Last week, the non-partisan Congressional Budget Office (CBO) published the latest estimate on the federal budget shortfall showing that the deficit is set to rise again in 2016 despite its multi-year downward trend which started in 2009. A large part of the shortfall is due to legislative changes, mainly December’s unpaid-for tax extenders and the omnibus legislation… The growth of the federal deficit and the following expansion of our national debt are particularly troubling for Hispanics, who are younger than the rest of the population – and will bear the cost of this mismanagement. Younger generations will experience an erosion of the American Dream caused by decades of irresponsible fiscal policies.
This year’s federal budget shortfall is expected to spike to $544 billion, $105 billion more than the last year. The CBO report finds that the projected annual deficits will increase overall debt held by the public to 76 percent of GDP by the end of 2016. This is about 2 percentage points higher than it was last year. To put things in perspective, this level of debt is the higher than it has been since the years immediately following World War II.
As the CBO highlights in its latest report, the growing national debt will have serious consequences, including:
- When interest rates returned to more typical, higher levels, federal spending on interest payments would increase substantially.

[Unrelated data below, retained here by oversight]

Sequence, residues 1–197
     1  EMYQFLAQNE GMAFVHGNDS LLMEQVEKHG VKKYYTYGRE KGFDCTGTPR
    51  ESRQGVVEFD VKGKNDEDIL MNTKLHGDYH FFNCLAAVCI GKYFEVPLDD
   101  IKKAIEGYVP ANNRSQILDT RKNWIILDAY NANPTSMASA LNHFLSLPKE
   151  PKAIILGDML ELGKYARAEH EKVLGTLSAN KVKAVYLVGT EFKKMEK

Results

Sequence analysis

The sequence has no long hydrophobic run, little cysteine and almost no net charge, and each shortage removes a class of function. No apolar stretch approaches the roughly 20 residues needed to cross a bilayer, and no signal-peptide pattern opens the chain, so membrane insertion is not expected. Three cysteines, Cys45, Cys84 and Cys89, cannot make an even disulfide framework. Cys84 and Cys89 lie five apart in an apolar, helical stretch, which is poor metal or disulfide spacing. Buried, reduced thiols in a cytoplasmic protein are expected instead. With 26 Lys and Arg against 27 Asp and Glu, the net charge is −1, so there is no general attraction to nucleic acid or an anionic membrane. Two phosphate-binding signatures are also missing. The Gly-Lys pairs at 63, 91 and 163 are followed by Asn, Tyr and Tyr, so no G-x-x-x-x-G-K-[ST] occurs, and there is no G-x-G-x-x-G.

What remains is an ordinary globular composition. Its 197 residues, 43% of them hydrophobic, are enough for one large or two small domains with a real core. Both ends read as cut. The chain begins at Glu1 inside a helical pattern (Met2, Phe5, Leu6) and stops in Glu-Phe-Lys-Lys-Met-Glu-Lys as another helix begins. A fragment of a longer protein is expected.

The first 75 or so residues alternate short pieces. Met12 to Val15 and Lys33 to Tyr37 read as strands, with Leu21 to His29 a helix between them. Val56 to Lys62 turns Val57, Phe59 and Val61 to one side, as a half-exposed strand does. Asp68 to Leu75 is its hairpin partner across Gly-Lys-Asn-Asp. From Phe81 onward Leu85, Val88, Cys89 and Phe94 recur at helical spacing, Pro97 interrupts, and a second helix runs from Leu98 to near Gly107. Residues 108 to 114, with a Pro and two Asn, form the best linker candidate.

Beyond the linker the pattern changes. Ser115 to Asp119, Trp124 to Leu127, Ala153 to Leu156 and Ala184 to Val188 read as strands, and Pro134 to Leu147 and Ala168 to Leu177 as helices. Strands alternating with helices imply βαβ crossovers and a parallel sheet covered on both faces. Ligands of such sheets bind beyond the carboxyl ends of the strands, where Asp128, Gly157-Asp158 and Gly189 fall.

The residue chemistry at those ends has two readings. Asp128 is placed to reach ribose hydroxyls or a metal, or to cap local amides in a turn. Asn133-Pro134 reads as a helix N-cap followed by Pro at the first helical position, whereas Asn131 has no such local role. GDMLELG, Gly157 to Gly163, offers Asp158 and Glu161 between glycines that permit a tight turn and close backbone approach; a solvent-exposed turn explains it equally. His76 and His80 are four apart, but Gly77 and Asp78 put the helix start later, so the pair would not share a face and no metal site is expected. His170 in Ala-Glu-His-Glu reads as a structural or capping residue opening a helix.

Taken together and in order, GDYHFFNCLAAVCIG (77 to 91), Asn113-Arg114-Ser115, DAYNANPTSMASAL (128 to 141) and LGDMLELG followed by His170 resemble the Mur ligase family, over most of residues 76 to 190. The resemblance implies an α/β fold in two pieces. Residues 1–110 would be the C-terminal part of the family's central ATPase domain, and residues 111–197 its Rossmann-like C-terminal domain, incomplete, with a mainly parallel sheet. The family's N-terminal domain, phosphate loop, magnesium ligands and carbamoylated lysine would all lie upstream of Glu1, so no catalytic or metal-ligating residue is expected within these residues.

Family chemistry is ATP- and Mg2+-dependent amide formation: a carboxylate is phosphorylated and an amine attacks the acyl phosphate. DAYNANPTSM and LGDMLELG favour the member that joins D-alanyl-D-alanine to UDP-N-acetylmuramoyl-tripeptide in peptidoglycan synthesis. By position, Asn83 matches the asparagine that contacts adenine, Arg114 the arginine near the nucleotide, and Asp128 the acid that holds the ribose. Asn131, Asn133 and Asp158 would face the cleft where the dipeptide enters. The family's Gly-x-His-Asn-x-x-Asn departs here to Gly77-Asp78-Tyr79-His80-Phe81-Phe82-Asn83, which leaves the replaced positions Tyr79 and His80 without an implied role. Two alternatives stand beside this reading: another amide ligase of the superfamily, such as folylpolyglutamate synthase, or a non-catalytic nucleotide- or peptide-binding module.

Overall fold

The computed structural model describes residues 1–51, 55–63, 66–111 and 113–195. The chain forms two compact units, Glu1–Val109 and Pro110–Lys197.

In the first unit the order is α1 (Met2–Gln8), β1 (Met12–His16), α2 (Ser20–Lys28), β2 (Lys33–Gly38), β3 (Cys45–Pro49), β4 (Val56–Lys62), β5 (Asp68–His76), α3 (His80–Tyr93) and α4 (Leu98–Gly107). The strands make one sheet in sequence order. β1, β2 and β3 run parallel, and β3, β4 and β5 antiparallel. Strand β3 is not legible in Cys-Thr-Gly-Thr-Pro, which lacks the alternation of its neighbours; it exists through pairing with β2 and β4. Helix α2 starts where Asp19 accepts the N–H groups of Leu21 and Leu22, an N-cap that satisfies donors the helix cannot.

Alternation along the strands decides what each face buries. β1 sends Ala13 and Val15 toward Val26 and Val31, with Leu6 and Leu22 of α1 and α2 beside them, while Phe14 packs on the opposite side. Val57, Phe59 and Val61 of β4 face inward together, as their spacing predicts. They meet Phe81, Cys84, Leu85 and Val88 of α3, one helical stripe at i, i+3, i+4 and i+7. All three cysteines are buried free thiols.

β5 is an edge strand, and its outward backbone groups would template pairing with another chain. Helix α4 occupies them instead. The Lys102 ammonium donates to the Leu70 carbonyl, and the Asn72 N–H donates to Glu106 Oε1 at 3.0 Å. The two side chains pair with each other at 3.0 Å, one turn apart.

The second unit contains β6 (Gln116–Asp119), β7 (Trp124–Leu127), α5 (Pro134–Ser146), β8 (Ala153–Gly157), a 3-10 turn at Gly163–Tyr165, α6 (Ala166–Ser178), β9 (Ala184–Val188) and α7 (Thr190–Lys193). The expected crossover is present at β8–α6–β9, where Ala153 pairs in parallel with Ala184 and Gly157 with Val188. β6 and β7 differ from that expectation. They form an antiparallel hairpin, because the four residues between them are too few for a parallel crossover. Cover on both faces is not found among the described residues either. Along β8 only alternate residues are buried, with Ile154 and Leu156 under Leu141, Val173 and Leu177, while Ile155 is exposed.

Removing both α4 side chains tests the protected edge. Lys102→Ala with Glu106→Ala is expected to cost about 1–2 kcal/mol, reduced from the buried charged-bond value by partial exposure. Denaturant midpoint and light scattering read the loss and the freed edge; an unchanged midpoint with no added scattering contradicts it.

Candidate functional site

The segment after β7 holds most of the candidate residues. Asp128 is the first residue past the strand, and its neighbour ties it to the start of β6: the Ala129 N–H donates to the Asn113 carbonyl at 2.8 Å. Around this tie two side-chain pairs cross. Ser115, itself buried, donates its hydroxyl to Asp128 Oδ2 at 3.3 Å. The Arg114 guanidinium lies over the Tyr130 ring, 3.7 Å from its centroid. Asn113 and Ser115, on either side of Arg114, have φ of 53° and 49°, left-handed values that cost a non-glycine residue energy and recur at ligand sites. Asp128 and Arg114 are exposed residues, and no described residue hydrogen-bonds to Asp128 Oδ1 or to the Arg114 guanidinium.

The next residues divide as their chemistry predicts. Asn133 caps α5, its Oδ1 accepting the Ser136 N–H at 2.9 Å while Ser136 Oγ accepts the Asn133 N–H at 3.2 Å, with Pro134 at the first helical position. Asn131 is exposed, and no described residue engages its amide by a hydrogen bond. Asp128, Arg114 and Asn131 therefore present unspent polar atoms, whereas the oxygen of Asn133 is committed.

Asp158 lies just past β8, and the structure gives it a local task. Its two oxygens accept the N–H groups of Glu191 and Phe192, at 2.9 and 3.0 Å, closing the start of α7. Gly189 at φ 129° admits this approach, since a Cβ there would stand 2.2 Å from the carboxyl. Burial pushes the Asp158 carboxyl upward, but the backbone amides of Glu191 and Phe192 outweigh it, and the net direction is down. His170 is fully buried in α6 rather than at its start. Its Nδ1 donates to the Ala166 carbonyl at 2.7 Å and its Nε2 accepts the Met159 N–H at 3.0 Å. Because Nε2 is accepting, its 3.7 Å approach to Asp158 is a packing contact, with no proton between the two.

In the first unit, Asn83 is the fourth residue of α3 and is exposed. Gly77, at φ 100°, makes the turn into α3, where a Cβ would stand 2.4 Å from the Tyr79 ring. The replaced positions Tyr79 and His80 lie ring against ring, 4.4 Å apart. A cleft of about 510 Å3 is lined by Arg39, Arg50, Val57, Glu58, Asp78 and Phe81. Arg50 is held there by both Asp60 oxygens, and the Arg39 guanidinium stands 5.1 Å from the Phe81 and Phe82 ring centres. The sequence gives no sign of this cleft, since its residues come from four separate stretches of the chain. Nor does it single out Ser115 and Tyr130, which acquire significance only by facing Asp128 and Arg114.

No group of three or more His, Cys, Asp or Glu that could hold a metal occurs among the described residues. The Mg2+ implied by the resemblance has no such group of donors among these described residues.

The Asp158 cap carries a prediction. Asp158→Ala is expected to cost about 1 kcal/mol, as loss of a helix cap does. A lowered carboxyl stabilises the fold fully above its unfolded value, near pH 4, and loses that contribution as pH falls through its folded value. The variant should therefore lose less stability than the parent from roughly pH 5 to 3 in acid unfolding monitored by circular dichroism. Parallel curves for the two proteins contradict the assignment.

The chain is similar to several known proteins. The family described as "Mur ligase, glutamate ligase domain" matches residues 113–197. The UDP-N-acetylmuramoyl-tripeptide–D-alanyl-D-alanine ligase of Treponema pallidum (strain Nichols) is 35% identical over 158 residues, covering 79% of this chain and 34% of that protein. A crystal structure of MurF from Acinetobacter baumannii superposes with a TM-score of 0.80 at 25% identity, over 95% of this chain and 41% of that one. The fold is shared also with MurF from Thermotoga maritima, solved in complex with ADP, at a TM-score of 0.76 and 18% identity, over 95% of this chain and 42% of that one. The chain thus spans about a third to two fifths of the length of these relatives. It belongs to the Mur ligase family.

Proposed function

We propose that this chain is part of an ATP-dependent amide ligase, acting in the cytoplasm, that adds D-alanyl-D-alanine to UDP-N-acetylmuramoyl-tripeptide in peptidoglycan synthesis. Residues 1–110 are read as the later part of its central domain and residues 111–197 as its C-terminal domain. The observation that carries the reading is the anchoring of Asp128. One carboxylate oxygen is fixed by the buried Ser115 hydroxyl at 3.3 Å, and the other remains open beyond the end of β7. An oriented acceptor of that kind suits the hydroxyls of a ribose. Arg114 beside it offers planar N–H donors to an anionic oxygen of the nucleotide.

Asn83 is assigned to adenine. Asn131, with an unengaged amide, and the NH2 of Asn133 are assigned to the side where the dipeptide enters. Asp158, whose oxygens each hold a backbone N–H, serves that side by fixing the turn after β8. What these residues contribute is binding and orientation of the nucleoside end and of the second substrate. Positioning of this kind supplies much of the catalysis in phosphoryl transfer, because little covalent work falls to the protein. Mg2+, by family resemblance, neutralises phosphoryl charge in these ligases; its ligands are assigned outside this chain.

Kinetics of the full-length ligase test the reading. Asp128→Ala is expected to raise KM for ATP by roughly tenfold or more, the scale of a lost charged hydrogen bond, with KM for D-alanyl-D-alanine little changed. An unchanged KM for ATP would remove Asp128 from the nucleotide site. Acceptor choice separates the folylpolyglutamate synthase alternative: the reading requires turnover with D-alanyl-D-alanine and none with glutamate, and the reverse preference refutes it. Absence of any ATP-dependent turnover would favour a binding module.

- Because federal borrowing reduces national saving over time, the nation’s capital stock ultimately would be smaller, and productivity and total wages would be lower, than would be the case if the debt was smaller.
- Lawmakers would have less flexibility than otherwise to use tax and spending policies to respond to unexpected challenges.
- The likelihood of a fiscal crisis in the United States would increase. Specifically, the risk would rise of investors’ becoming unwilling to finance the government’s borrowing unless they were compensated with very high interest rates. If that occurred, interest rates on federal debt would rise suddenly and sharply relative to rates of return on other assets.
The CBO report surprised many Washington insiders, in part because various news outlets recently referred to the federal deficit as a non-issue given the fact that deficit had been falling for several years. And the fiscal discipline imposed by the budget caps of the Budget and Control Act of 2011 contributed to a decrease of the deficit in recent years. But as it often the case in Washington, problems are often easily forgotten rather than solved, and the federal deficit is no exception.
It is unfair for Congress to keep kicking the can down the road when it comes to balancing the federal budget. If not addressed in time, the dangers of our unsustainable fiscal path will fall on the shoulders of future generations of Hispanics. Washington cannot hesitate to tackle this issue. The more Congress waits, the higher the price Hispanics will pay for our current fiscal irresponsibility.